What are the Characteristics of Refractory Castables?

Refractory Castables are typically used within kilns and furnaces to create the monolithic linings. Refractory castables are made from fine – course refractory grains that are combined together with a cement binder.

Refractory castables are combined with water and then poured, pumped, or pneumatically shot into position to form refractory shapes. There are different types of refractory castables that have their own unique characteristics based on the composition. Are you interested in learning about the various types of castables? Here are three types of castables and their traits. Click To Tweet

Conventional High Alumina Cement

High alumina cement castables are most commonly used in boilers and furnaces. They are resistant to abrasion. Gunning and casting are the methods used to install these castables. Gunning is the preferred installation method when working with bulk materials.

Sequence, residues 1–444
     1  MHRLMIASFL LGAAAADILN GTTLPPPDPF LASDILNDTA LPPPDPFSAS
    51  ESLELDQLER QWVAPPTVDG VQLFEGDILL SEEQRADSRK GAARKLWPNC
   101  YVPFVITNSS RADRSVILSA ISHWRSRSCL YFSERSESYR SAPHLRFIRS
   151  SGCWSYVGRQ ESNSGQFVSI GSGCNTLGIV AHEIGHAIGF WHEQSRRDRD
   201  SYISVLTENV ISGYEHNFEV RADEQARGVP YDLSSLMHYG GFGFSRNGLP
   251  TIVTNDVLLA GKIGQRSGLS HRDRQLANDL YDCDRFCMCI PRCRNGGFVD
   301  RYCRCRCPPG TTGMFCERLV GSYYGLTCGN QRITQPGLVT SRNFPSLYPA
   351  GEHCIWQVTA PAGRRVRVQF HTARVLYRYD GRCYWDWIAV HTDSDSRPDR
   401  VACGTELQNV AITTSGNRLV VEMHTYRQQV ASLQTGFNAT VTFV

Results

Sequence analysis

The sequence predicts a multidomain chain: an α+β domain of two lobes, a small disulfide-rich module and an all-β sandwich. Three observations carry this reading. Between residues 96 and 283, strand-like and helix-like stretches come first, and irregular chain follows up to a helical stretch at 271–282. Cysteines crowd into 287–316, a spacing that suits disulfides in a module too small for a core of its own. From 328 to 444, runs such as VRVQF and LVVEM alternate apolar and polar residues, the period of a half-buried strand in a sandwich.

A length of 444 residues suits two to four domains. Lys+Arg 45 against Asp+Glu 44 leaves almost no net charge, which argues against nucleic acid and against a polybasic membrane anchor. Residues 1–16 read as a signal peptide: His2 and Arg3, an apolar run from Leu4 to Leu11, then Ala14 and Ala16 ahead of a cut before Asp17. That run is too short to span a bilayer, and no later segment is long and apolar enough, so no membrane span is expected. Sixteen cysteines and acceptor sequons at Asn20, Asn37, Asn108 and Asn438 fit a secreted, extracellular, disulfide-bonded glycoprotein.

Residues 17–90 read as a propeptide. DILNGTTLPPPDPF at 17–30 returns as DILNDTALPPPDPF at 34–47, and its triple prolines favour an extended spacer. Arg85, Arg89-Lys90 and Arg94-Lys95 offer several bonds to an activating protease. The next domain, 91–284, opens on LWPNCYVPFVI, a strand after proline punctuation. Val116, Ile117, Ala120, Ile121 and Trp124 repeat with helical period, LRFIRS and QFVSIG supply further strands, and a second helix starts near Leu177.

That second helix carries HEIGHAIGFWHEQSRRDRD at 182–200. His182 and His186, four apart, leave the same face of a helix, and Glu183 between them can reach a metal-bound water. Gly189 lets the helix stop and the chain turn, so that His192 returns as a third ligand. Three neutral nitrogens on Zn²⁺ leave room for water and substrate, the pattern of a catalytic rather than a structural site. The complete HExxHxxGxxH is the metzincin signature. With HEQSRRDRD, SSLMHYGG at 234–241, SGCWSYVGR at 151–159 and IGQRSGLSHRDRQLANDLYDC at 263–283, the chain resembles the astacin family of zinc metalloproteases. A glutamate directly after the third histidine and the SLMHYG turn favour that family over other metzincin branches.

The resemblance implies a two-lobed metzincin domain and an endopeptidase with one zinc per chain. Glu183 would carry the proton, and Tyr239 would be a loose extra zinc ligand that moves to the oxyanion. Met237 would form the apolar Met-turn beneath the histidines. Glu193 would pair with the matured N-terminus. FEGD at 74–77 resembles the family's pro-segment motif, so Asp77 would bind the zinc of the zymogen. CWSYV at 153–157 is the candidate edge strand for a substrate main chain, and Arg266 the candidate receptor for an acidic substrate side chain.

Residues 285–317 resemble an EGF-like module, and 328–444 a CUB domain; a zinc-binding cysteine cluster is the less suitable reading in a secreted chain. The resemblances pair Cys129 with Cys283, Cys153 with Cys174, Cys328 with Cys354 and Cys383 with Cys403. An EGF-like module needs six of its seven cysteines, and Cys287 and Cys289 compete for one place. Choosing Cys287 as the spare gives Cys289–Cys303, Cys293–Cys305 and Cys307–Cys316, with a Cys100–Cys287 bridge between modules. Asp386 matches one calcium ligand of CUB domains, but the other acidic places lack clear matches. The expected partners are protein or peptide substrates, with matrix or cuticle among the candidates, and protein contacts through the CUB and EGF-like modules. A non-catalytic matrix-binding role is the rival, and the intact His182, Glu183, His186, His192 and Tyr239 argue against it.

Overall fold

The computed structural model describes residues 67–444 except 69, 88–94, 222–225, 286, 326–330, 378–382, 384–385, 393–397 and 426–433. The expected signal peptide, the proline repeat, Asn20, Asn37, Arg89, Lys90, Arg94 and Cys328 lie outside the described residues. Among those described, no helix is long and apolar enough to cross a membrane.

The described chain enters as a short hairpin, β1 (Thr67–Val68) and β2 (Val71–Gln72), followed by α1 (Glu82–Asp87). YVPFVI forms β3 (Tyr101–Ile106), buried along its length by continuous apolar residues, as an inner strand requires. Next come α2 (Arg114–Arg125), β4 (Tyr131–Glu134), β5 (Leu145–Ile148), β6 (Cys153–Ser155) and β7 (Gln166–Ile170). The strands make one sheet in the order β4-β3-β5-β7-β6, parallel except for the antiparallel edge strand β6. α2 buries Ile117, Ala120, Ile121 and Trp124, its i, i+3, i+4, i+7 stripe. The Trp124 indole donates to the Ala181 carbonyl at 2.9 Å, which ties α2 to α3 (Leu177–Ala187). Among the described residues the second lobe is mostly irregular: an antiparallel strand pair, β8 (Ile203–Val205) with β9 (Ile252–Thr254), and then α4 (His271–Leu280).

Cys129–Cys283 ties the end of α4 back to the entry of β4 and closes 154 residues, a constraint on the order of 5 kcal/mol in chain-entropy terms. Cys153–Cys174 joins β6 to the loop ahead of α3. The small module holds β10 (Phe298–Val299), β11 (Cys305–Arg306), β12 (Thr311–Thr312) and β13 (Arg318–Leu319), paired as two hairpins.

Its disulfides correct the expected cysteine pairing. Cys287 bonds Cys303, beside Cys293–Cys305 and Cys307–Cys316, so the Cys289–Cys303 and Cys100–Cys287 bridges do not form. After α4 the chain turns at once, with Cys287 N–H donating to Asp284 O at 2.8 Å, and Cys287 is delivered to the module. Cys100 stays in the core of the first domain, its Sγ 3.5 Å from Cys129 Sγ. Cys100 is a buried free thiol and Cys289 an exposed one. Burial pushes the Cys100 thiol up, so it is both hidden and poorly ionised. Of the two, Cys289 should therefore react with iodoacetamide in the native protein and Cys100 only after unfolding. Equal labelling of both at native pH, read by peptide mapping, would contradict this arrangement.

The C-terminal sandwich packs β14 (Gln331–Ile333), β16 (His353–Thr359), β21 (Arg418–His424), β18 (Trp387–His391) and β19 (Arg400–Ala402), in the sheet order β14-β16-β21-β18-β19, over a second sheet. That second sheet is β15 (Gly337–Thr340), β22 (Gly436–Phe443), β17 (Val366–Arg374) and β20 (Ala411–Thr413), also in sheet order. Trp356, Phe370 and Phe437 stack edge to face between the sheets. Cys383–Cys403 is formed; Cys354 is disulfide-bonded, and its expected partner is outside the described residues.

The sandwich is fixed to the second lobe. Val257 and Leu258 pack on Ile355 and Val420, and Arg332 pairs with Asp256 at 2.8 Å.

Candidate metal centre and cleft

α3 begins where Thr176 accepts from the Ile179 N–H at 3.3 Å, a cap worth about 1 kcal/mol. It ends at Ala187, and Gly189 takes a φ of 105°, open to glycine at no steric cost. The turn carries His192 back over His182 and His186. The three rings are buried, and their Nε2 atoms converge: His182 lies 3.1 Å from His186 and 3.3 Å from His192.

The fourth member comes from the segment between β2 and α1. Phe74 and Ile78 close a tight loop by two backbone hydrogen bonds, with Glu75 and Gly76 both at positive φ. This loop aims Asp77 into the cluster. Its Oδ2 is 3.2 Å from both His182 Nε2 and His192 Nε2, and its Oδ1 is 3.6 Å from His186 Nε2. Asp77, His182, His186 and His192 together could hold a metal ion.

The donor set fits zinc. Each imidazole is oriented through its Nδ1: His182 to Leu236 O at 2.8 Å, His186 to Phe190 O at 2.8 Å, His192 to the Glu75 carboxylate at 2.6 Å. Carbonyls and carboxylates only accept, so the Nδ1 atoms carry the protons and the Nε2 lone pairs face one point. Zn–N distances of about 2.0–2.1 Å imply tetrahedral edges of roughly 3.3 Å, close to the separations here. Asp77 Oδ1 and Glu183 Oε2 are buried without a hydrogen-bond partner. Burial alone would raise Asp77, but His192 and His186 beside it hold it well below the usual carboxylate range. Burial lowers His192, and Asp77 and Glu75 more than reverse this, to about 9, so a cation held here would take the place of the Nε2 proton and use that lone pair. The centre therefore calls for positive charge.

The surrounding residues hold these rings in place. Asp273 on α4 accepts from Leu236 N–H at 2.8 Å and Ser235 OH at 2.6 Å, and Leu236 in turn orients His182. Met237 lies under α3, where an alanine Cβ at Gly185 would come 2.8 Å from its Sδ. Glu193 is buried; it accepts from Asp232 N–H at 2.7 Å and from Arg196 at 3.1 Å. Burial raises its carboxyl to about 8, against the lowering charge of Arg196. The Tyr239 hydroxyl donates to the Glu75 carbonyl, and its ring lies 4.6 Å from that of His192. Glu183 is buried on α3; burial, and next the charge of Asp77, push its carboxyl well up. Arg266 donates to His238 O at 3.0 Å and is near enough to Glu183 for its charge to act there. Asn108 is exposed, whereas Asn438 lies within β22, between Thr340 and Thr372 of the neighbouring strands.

Low Density

Low-density materials are used for insulating in high-temperature facework. A characteristic of these insulating castables is that they are not good thermal conductors. They’re typically used as backup linings in refractories because they are not resistant to abrasion.

Free Flowing

Free flowing castables are easier to shape. They are abrasion resistant and have low porosity. It takes minimal effort to pump these castables into the correct position because they use less cement.

Pro Tip: Free flowing refractory castables are convenient because they are moldable. However, they shouldn’t be used in furnaces when a lot of wear and tear is to be expected because their lower density makes them susceptible to damages.

Understanding Refractory Castables

It’s important to understand the various types of castables and their characteristics when working with refractories.  

Do you have any questions about the specifications of each refractory castable type? Join the conversation to speak with one of our experts about castables for refractory shapes.